When Processed Food is a Good Thing (Really)

on May 21, 2010

In so many of my posts, I go on about all the evils of processed food and of all the terrible things it does to us. Today I’d like to discuss actual sound uses for processed food. Now before I go on, we should understand that the ability to process food is a technology, and one our society uses heavily. Processing often strips food of much of its nutritional quality. In doing this, the food’s shelf life and stability increase dramatically (interestingly though logically enough, this happens because the nutritionally deficient food doesn’t attract the bacteria and fungi that would otherwise cause it to go bad). This quality of “not going bad” is actually pretty handy in, let’s say, bringing food to unfortunate groups of people that would otherwise starve. In the choice between eating processed food, and eating nothing, one is clearly better off with the former from a health standpoint.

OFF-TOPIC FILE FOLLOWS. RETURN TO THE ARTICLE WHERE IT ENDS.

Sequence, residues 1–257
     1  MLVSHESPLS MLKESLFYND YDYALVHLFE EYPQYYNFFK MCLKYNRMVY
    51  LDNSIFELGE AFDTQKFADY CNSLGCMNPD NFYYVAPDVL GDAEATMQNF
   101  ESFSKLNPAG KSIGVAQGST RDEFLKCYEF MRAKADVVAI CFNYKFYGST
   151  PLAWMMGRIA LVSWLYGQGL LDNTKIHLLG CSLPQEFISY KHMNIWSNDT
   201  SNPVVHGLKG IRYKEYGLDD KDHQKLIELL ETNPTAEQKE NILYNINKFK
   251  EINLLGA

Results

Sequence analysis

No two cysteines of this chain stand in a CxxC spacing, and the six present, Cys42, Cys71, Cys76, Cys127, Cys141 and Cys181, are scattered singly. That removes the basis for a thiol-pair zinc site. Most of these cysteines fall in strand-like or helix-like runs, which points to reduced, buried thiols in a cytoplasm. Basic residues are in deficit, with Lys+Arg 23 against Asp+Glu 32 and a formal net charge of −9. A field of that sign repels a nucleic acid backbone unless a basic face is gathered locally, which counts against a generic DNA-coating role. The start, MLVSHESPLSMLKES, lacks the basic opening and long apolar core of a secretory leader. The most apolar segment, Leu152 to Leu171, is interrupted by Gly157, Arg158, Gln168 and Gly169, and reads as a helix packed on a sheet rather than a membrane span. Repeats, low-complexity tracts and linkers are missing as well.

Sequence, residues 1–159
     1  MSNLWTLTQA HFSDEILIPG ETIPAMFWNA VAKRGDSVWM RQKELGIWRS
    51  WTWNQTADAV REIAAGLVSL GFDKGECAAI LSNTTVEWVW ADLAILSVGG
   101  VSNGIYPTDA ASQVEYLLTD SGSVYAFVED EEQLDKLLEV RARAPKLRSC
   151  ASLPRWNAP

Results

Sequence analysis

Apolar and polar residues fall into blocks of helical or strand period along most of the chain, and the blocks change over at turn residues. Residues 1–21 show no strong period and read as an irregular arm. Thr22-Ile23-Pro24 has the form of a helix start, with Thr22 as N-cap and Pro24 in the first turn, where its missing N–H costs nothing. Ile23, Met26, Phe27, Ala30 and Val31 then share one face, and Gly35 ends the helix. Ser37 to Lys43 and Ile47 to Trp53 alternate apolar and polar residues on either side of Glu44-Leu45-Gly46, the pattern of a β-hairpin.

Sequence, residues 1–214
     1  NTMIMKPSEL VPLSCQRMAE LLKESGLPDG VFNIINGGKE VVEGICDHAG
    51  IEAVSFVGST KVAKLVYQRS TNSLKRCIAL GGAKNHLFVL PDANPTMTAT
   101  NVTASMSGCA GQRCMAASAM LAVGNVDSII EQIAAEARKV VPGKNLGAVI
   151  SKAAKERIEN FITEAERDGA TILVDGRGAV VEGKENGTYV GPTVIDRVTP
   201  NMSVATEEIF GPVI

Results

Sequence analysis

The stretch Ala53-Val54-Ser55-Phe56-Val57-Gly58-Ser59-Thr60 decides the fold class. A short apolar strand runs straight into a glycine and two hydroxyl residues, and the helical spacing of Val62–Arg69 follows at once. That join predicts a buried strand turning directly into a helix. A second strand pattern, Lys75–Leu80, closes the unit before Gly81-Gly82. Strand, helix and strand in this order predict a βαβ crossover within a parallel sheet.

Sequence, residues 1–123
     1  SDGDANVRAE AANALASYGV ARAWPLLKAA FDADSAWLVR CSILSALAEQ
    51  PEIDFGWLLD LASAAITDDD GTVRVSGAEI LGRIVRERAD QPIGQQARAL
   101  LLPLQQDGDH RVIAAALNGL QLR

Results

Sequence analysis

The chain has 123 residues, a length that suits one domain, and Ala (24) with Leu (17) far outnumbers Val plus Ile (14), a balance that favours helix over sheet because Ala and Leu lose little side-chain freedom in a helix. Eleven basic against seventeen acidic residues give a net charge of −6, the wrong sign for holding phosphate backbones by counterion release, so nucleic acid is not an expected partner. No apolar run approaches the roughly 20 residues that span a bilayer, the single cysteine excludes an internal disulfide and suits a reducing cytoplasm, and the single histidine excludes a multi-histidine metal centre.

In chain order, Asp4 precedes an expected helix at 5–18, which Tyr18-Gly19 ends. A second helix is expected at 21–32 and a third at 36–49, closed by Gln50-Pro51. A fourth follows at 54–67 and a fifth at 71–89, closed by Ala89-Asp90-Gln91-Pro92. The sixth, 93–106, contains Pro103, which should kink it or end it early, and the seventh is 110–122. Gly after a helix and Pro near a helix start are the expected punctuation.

I’m not entirely sure on the history of this but I believe processed food started out this way (do correct me if I’m wrong). It was used to reach people that were hungry and starving. Somewhere along the way, food manufacturers realized that they could cut their own costs by processing foods. Longer shelf life and less spoilage permitted a lot more leeway in the process of selling food and also in creating “new and exciting” products. Of course food companies passed on some of the savings to consumers and we took the bait. Cheaper food meant we could have more. In the US we went from spending 40% of our income on food to under 10% within the last century. Is the savings in money really worth the price in health?

As with any technology, we should consider the situations we use it in. Processing food is a great tool in reaching those that may not have anything otherwise. But it’s also a curse upon those who could be eating better and have to pay consequences in health instead.